The UK’s credit rating was downgraded by Moody’s late on Friday evening as analysts at the agency warned of scarring to the country’s economy from the coronavirus pandemic.
The rating agency cut its grade one notch to Aa3 — equivalent to a double-A minus rating from rival S&P Global — while adding that its outlook was “stable”.
Moody’s said it believed growth would be “meaningfully weaker” than it had previously believed and that the country’s economy had been struggling even before the pandemic reached Britain.
The coronavirus crisis is expected to weigh more heavily on the UK economy than other large developed nations, given its heavy reliance on services that require human interaction, the credit rating agency added.
The agency also specifically pointed to what it called “the weakening in the UK’s institutions and governance”.
“While still high, the quality of the UKʼs legislative and executive institutions has diminished in recent years,” it said.
Pat McFadden, Labour treasury spokesman, said the downgrade was a damaging verdict on Boris Johnson and the Conservative party’s stewardship of the UK economy.
“It is notable that the weakening of UK institutions and governance had been picked out as part of the reason for the downgrade,” he said. “The ideological attack on our institutions being waged from No 10 is now having a direct impact on the economy.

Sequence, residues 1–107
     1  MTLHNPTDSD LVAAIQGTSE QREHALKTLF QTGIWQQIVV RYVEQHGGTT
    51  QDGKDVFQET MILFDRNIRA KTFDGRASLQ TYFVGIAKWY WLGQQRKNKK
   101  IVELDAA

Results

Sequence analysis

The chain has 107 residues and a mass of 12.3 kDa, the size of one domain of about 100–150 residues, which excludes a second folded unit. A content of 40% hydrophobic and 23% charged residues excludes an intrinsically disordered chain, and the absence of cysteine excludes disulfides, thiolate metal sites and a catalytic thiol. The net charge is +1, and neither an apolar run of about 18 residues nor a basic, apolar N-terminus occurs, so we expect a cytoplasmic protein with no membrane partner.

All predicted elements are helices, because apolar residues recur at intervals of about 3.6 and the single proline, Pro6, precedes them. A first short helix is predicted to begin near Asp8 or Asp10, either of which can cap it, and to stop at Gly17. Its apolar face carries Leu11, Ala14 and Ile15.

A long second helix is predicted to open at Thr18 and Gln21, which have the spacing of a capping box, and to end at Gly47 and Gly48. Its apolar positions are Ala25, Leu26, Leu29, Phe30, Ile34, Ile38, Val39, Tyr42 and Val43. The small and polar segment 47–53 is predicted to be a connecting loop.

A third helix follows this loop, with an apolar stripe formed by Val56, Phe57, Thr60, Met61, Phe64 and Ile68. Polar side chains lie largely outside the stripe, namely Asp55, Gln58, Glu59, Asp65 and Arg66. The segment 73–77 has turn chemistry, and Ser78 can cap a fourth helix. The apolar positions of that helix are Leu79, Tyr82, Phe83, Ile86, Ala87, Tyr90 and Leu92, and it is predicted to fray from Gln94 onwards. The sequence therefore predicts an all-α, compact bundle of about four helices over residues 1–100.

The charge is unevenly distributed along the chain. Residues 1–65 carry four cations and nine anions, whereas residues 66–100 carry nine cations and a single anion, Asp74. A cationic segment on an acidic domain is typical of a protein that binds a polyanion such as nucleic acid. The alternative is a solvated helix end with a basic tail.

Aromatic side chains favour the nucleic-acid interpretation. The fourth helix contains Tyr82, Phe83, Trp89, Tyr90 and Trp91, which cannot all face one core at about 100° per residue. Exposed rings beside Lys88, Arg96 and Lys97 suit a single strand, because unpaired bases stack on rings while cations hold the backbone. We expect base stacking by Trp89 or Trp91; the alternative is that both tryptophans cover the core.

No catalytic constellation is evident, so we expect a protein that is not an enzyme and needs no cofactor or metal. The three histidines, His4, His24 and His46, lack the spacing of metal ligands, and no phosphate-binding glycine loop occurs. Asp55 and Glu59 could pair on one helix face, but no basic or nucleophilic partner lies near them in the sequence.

“The prime minister should focus on securing the Brexit deal he promised rather than compounding the damage in the months ahead.”
The Treasury said that the coronavirus pandemic had made a significant impact on public finances, but that things would have been far worse “had we not acted in the way we did to protect millions of livelihoods”.
The Treasury said its priority was to protect jobs and businesses and that “over time and as the economy recovers, the government will take the necessary steps to ensure the long-term health of the public finances”.
Sarah Carlson, an analyst with Moody’s, said the coronavirus-induced shock had brought new and considerable pressures on the UK economy.
“Despite the projected recovery, we estimate a sharper peak-to-trough contraction for the UK than for any other G-20 economy,” she said.